packet


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Related to packet: packet switching, Packet loss, Packet sniffer

pay packet

1. Literally, an envelope or small parcel containing an employee's earnings. Primarily heard in UK. Back when I started working here, before online banking and direct debit, everyone got their pay packet put in their hand at the end of each week.
2. By extension, a person's salary or rate of pay from an employer. Primarily heard in UK. The public outcry has been immense over revelations of the charity CEO's outrageous annual pay packet.
See also: packet, pay

cop a packet

To be seriously injured. This phrase originated in the military. I got sent home after copping a packet during my tour of duty.
See also: cop, packet

cop a packet

to become badly injured; to be wounded severely. (Originally military.) My uncle copped a packet in Normandy. If you want to cop a packet or worse, just stand up in that shallow trench, son.
See also: cop, packet
References in classic literature ?
I was passing close to the door of the captain's cabin, which was half open, and I saw him give the packet and letter to Dantes.
He had been slow in the act of producing the packet because during it he had been trying to invent a remarkable comment upon the affair.
On the notice-board in the Captains' Room, the pulsing arrows of some twenty indicators register, degree by geographical degree, the progress of as many homeward-bound packets.
He could not take his eyes off the smouldering packet.
The fire, choked between a couple of smouldering pieces of wood, had died down for the first few moments after the packet was thrown upon it.
The packet had been wrapped in a threefold covering of newspaper, and the, notes were safe.
It's all his--the whole packet is for him, do you hear--all of you?
After sitting in his company a minute or two, she put the packet into his hand, and said, "Take this to Captain Osborne, if you please, and--and I hope he's quite well--and it was very kind of you to come and see us--and we like our new house very much.
I SHALL never forget the one-fourth serious and three-fourths comical astonishment, with which, on the morning of the third of January eighteen-hundred-and-forty-two, I opened the door of, and put my head into, a 'state-room' on board the Britannia steam- packet, twelve hundred tons burthen per register, bound for Halifax and Boston, and carrying Her Majesty's mails.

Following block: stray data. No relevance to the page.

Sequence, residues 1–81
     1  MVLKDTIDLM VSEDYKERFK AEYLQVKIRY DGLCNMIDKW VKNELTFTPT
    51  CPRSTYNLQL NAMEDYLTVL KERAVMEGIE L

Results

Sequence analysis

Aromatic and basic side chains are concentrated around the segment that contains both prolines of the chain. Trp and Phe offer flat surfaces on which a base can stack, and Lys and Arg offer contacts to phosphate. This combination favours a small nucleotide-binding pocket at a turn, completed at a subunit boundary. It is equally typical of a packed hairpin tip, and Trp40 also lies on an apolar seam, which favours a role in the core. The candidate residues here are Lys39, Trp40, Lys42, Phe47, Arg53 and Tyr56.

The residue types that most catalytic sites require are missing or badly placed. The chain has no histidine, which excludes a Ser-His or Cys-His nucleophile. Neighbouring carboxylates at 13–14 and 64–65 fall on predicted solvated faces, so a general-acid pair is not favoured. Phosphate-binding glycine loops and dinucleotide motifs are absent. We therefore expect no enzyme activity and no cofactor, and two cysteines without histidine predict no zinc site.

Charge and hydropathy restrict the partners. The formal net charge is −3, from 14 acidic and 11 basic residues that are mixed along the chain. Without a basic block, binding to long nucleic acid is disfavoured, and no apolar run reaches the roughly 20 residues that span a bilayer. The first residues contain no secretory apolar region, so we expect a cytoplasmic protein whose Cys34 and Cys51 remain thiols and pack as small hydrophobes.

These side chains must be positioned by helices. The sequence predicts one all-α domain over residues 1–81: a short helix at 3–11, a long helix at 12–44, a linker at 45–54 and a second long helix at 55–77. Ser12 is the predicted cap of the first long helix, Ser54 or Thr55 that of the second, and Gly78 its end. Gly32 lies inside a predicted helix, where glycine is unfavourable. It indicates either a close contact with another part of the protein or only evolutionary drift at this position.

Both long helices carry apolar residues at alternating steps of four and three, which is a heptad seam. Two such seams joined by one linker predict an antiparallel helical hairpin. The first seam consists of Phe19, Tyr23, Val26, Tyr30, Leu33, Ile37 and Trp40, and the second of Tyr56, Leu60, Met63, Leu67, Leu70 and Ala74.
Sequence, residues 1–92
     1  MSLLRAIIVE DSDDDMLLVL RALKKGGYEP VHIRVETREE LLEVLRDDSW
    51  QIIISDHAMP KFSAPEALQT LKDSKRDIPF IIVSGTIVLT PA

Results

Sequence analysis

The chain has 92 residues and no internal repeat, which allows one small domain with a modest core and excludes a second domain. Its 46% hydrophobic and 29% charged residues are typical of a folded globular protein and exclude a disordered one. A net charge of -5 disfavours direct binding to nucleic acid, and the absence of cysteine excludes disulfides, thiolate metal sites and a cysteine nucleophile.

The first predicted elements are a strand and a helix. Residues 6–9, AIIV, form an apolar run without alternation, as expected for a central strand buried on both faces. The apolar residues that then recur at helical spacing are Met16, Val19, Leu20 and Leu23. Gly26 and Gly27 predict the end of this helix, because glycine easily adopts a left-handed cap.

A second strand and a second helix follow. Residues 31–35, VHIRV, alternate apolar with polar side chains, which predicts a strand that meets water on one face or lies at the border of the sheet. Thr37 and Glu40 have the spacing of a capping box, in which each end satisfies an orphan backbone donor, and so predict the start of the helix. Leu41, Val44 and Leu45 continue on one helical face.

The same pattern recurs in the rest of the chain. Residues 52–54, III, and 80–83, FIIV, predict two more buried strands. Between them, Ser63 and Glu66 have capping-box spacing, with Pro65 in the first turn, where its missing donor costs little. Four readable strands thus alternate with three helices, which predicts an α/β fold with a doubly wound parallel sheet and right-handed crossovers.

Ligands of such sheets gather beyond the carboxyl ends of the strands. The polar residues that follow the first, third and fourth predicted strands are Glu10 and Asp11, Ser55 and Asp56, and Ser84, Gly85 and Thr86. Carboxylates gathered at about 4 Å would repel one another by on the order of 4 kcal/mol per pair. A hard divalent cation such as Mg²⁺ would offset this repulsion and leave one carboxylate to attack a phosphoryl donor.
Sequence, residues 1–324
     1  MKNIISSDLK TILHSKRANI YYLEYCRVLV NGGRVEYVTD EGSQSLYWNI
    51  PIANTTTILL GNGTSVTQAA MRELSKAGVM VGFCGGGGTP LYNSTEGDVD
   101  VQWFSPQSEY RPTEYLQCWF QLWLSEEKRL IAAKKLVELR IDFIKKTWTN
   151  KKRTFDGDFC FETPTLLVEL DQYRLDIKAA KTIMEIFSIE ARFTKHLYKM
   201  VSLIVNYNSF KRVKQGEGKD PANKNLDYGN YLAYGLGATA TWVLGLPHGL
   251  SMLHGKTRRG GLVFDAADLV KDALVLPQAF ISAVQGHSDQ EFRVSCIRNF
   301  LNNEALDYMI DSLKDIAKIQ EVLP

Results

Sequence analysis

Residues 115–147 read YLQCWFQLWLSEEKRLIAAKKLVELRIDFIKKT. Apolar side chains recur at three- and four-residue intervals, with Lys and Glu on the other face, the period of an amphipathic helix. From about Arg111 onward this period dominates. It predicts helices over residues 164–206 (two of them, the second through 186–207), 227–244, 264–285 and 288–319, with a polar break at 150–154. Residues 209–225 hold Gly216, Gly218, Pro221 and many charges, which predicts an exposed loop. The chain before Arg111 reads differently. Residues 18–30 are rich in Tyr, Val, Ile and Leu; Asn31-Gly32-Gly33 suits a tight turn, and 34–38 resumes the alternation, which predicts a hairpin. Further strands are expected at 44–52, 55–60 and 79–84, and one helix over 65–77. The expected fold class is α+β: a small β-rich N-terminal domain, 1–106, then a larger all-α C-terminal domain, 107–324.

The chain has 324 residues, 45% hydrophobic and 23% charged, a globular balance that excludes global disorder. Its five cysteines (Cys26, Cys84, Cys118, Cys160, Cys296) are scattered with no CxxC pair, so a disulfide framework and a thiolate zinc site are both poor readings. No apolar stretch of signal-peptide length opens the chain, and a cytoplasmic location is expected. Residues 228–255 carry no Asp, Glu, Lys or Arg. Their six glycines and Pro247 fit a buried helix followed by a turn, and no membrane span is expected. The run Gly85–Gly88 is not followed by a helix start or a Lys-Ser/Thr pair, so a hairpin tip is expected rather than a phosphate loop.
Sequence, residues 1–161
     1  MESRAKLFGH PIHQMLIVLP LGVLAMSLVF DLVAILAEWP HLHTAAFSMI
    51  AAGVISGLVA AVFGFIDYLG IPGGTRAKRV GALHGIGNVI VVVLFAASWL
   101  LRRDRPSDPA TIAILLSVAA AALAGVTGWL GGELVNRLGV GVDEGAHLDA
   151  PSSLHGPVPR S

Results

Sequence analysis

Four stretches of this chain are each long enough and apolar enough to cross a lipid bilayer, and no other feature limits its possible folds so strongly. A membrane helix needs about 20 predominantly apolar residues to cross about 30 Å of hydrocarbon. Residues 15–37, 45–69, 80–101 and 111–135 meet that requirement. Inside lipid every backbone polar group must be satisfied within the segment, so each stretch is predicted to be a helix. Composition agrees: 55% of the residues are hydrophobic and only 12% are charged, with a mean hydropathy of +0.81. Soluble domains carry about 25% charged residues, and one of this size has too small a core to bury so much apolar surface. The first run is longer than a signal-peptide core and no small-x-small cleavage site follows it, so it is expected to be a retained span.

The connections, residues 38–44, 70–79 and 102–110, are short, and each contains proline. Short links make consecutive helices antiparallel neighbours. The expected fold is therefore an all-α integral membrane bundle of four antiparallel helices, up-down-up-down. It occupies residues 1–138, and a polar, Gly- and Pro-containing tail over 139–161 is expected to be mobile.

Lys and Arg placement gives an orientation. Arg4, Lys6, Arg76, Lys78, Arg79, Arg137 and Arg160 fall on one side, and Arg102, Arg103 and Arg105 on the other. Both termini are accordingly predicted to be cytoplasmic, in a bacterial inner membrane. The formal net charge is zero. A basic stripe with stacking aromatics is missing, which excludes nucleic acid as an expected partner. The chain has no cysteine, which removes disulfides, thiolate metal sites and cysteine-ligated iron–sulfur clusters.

And commissions and remembrances do so crowd upon one at such a time, that we were still busied with this employment when we found ourselves fused, as it were, into a dense conglomeration of passengers and passengers' friends and passengers' luggage, all jumbled together on the deck of a small steamboat, and panting and snorting off to the packet, which had worked out of dock yesterday afternoon and was now lying at her moorings in the river.
In five minutes' time, the little steamer is utterly deserted, and the packet is beset and over-run by its late freight, who instantly pervade the whole ship, and are to be met with by the dozen in every nook and corner: swarming down below with their own baggage, and stumbling over other people's; disposing themselves comfortably in wrong cabins, and creating a most horrible confusion by having to turn out again; madly bent upon opening locked doors, and on forcing a passage into all kinds of out-of-the-way places where there is no thoroughfare; sending wild stewards, with elfin hair, to and fro upon the breezy decks on unintelligible errands, impossible of execution: and in short, creating the most extraordinary and bewildering tumult.
The passengers were landing from the packet on the pier at Calais.
Pondering much on what he had seen and heard in that house, as well as on the failure of all his efforts to trace the suspicious character who was lost, he returned to London and to England by the packet that had taken him over.
I bought the two packets of arsenic, on each occasion at my wife's own request.
I handed both packets of arsenic to my wife immediately on my return home.